Mario Bava’s 1960 Black Sunday (aka The Mask of Satan), legendary Italian filmmaker’s first credited directing job, is a true gothic horror classic. While it may be full of what have become standard genre tropes—an ancient curse, love from beyond the grave, and a painting that is more alive than it should be—as Bava scholar Tim Lucas says in his commentary track, you’d be hard pressed to find anyone who witnessed this during its initial theatrical release who wasn’t at least somewhat traumatized by the film.
Black Sunday combines slick camera movement, spooky aesthetics, and more sex appeal than you may expect from a 52-year-old horror flick. The stark black and white photography is stunning and crisp, especially in the new HD transfer, mastered from an archived 35mm print. This edition presents the original Italian cut of the film, which was trimmed down for its US release. More than three minutes of footage have been restored, along with Roberto Nicolosi’s haunting score.
The film opens in the 17th century, as Asa Vajda (Barbara Steele) and Igor Javutich (Arturo Dominici) are being tortured and burned for witchcraft and general satanic shenanigans. Black Sunday jumps around between crying witchcraft and vampire. For example, crucifixes can be used to ward off dark entities, and blood is sucked, but spells are also cast. Regardless of what you want to call them, the end result is the same, having a spiky metal mask, conveniently called a “mask of Satan”, hammered onto your face. There are also subtle intimations that incest and other nefarious carnal activities play a major role in this execution.
Before death forces her into the arms of her sweet, sweet Satan, Asa spews a bile-filled curse against her enemies. Fast-forward 200 years, and a pair of traveling doctors, Dr. Andre Gorobec (John Richardson) and Dr. Thomas Kruvajan (Andrea Checchi), inadvertently bring the dead vampire witches back to life to wreak havoc on the unsuspecting countryside. Before long the duo are waist deep in corpses, sinister mysteries and, for Andre anyway, totally in love with Katia Vajda (Steele), who is a dead ringer for Asa, as well as being a far removed descendant.
The script for Black Sunday is loosely based on a story by Russian author Nikolai Gogol (Dead Souls). From this classical base, Bava crams his film with lurid overtones and imagery. Evil, in the guise of Steele, is presented as simultaneously repulsive and alluring. She is an object of both desire and disgust.
Much of the atmosphere and ambiance comes from Bava’s juxtaposition of light and dark. One harrowing subterranean bat attack early in the film is staged almost entirely using the manipulation of light and shadow, and clever editing techniques, rather than relying on a doll or model that would have come across hokey and unbelievable on screen. Dark forest scenes, backlit matte work, and detailed sets really set the stage for the action in Black Sunday, and sell the story to the audience.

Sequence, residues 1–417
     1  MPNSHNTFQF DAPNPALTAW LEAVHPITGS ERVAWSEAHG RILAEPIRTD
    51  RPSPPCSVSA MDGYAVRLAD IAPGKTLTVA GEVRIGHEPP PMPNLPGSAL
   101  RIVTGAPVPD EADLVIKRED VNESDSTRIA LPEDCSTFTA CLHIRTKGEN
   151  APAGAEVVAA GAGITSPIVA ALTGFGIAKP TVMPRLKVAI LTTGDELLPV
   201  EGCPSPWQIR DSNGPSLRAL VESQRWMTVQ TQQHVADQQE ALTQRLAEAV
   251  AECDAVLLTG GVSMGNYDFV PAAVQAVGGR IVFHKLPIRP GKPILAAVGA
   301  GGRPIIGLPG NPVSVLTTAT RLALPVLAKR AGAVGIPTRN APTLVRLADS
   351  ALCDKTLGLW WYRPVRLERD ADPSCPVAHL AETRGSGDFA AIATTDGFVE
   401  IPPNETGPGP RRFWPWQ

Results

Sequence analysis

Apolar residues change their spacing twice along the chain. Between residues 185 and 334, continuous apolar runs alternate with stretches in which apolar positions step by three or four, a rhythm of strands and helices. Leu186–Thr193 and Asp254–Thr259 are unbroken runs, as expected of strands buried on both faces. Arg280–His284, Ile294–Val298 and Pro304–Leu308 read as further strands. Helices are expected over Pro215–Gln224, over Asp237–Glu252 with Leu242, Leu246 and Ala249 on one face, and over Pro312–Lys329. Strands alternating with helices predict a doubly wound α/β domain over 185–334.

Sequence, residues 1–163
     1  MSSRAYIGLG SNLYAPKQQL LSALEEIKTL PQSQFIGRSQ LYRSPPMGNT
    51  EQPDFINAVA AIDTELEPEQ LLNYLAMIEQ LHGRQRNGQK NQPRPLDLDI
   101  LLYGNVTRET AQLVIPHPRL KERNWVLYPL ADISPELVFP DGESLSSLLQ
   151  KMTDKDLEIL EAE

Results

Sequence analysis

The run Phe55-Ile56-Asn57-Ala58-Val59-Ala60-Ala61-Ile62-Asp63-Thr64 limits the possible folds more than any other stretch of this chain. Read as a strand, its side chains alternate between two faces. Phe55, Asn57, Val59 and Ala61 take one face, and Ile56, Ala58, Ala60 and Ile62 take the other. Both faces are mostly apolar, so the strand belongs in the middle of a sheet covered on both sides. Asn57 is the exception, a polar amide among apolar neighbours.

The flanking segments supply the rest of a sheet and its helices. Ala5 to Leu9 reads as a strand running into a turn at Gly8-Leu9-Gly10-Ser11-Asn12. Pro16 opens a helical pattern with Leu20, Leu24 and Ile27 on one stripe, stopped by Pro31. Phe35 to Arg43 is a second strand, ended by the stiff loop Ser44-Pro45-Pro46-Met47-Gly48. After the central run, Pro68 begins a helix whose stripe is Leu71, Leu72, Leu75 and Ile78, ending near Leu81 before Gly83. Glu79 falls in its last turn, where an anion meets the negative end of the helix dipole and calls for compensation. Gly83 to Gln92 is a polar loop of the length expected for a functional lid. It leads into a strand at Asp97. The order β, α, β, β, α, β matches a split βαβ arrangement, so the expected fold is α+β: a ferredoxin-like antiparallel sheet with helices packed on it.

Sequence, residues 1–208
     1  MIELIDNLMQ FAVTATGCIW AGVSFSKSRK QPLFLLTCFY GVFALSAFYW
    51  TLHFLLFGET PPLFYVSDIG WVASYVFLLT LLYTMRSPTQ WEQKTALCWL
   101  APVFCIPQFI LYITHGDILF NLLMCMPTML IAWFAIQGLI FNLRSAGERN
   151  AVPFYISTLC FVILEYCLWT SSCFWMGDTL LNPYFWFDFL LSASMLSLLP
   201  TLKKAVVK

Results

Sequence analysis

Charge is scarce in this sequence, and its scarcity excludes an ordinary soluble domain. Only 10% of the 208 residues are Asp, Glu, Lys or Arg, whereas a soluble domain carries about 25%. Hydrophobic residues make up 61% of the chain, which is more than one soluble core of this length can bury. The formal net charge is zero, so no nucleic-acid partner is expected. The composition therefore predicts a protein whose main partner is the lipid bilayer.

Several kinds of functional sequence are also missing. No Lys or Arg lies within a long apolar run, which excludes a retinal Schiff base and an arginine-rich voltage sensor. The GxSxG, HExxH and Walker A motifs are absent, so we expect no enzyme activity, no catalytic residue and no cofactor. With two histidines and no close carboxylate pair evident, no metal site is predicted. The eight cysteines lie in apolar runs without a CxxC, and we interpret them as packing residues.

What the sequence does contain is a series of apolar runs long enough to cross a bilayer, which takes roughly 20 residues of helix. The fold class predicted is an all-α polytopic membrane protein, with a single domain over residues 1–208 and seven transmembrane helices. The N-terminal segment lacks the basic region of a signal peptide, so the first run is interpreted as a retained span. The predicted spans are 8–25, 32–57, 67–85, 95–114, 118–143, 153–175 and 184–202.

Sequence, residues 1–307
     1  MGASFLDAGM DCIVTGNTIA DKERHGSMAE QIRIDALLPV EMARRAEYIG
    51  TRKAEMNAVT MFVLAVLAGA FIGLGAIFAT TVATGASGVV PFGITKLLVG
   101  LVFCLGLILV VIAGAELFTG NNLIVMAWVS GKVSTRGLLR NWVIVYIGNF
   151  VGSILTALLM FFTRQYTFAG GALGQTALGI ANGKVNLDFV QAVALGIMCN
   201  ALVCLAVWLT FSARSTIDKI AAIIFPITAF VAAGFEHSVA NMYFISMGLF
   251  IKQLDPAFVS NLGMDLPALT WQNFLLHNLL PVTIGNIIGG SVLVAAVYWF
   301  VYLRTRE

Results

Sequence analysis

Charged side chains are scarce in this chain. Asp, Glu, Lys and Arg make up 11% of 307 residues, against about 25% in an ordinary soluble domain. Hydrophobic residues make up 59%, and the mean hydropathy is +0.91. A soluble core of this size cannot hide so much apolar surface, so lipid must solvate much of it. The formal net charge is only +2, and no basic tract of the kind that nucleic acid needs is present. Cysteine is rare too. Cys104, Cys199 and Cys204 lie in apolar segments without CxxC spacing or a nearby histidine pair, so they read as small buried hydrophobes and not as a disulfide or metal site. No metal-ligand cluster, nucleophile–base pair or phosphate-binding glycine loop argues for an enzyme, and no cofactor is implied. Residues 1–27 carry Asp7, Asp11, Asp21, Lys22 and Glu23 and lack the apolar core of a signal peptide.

Ultimately the romantic angle is forced and tired. Katia is a beauty to be sure, but considering that the entire relationship between her and Andre spans little more than the course of a single evening and the following day, not to mention that their connection and bond is never developed in any depth, his cries of love and desire are out of place and unearned. You can’t help but think that this is a nod to other gothic horror tales, namely Dracula, that deal with the trials and tribulations of doomed or cursed lovers.
This package delivers a sharp, striking version of Black Sunday, much better than my old, grainy VHS copy. A perfect movie to watch on a dark fall night, as Halloween crawls closer, and the wind whips the leafless branches outside, this is a spooky slice of classic horror from a master of the form.
The disc comes with the original US and international trailers, as well as a collection of previews of other Bava films. Not particularly interesting unless you’re looking for further viewing suggestions, the real selling point among the bonus features is the commentary track with Lucas. He literally wrote the book on Bava, it’s called Mario Bava: All the Colors of the Dark, and he offers a wealth of critical insight, historical background, and anecdotes from the set and from Bava’s life and career. This audio is definitely worth listening to, especially for classic horror buffs. However, while it starts strong, as the movie progresses, there are large gaps and lapses in Lucas’ narrative. Silent for stretches, you get the feeling that you’re listening to a hardcore fan getting sucked into one of his favorite films from time to time.